Missouri Gov. Eric Greitens signed an executive order in July, creating a statewide prescription drug monitoring program (PDMP). The move is significant because Missouri is the final state to implement a PDMP and has been criticized for at least a decade for its failure to pass drug-monitoring legislation.
The new PDMP is already mired in controversy because clinical professionals will not have access to patient-specific data. Instead, the Missouri Department of Health and Senior Services will monitor de-identified data for suspicious prescribing patterns and notify law enforcement, which will have a focus on shuttering pill mills, according to Greitens’ announcement.
“If pharmacists and providers can’t access it, then we have done nothing to improve patient care,” says Michael W. Merrigan, clinical assistant professor at Missouri State University. “We don’t need to make struggling patients targets for law enforcement.”
Clinicians lack immediate access
The state department of health will use data from private pharmacy benefit managers (PBMs) to look for patterns of potential diversion. Analyses will be shared with professional licensing boards and law enforcement as required.
What’s concerning to many stakeholders—including the state’s pharmacy and medical associations—is that health professionals will not have point-of-care access to the data to proactively prevent prescriptions for controlled substances from being handed to vulnerable patients or those who are “doctor shopping.” Likewise, providers will not be able to identify patients who should be referred to addiction treatment.
“This makeshift system in Missouri really loses the opportunity for the prescribers to adequately fulfill their roles as the gatekeeper in the supply of controlled medications,” says Michael Barnes, chairman of the board of the Center for Lawful Access and Abuse Deterrence. “Under an ideal prescription drug monitoring program, the prescriber has the opportunity to review the data first for prescribing then periodically after that for represcribing the controlled medication.”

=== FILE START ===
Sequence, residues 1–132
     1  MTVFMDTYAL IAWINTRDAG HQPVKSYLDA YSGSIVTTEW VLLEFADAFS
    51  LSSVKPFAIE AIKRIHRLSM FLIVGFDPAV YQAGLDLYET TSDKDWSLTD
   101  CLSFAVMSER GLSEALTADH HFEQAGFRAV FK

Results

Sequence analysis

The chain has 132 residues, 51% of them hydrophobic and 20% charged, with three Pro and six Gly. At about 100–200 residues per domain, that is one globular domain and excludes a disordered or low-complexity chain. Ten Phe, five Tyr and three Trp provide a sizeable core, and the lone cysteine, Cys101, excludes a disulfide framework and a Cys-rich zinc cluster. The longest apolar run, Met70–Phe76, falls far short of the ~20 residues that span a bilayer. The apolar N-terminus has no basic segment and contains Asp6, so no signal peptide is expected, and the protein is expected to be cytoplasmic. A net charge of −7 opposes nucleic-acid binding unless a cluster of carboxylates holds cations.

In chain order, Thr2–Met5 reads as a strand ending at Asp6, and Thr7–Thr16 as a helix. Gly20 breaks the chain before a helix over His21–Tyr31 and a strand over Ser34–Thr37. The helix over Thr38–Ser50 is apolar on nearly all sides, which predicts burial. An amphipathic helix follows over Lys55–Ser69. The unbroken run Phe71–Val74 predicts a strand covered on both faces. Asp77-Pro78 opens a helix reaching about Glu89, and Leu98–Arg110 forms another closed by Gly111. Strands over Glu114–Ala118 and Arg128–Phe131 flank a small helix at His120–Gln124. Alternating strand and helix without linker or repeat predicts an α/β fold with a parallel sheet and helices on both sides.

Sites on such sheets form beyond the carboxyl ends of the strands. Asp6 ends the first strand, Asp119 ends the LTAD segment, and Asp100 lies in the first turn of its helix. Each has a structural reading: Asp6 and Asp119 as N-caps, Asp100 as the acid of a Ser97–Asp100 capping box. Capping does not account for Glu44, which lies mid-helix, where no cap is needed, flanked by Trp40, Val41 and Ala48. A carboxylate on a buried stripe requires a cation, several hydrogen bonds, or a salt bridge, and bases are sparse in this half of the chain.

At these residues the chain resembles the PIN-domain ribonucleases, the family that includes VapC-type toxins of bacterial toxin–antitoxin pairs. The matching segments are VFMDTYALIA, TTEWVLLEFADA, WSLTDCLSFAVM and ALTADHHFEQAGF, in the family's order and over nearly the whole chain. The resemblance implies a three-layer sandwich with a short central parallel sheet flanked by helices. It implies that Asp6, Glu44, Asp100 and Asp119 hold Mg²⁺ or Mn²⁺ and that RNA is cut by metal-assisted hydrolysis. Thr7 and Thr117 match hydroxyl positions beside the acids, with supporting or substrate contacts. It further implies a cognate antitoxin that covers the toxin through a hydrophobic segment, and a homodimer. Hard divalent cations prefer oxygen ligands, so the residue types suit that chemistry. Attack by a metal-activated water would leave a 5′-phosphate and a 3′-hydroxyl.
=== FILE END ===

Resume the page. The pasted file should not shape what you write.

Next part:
Missouri is paying PBM Express Scripts $250,000 for the prescription data it plans to monitor, Barnes says, but even so, the data will only represent a segment of the state’s total healthcare system. There are other PBMs doing business in the state and many other prescription transactions that aren’t captured by the commercial PBM network, such as cash-paid doctor visits and prescription fills.
Besides, Barnes says, those PBMs already have an implicit obligation to play a role in combating prescription drug overdoses and should be sharing the data with the state in the public interest.
“Everyone contributes in a way to saving lives, and the PBMs should not be charging for this data,” he says.
In 2016, more than 900 Missourians died from an opioid overdose.
Privacy concerns linger
The pivotal point that has hampered Missouri’s PDMP legislation was the issue of patient privacy. Republican State Sen. Rob Schaaf has historically objected to previous policies for that reason. Additionally, physicians also remained concerned about provider autonomy, wondering whether a pain doctor with a clinical reason to prescribe opioids frequently, for example, might be hogtied by an investigation prompted by PDMP data.
“Out of the other 49 states that have PDMPs, those are not, in many instances, ideal either because privacy protections are lacking,” Barnes says. “Specifically, law enforcement can access the data without a referral from health authorities.”
According to the Prescription Drug Monitoring Program Training and Technical Assistance Center, 23 states, including the District of Columbia, allow law enforcement to access PDMP data for active investigations, and 28 allow it through court processes, such as search warrants. California allows access in additional situations as well.
Barnes says many states and drug-enforcement administration authorities (DEAs) are collaborating to target prescribers based on their volume of written prescriptions, without considering the needs of the patients being treated. The prescribing data is being taken out of context, and ethical providers are being subject to unnecessary scrutiny.
“If there was a proposal in Missouri that adequately protected private information for patients and providers in a way that would satisfy the conservative [State Sen. Schaaf], then there would not be a need for this makeshift measure that the governor has put into place with the executive order,” says Barnes.
He says Oregon’s PDMP doesn't allow EA access data without judicial oversight and has even gone to federal court to uphold that rule—something he gives the state credit for.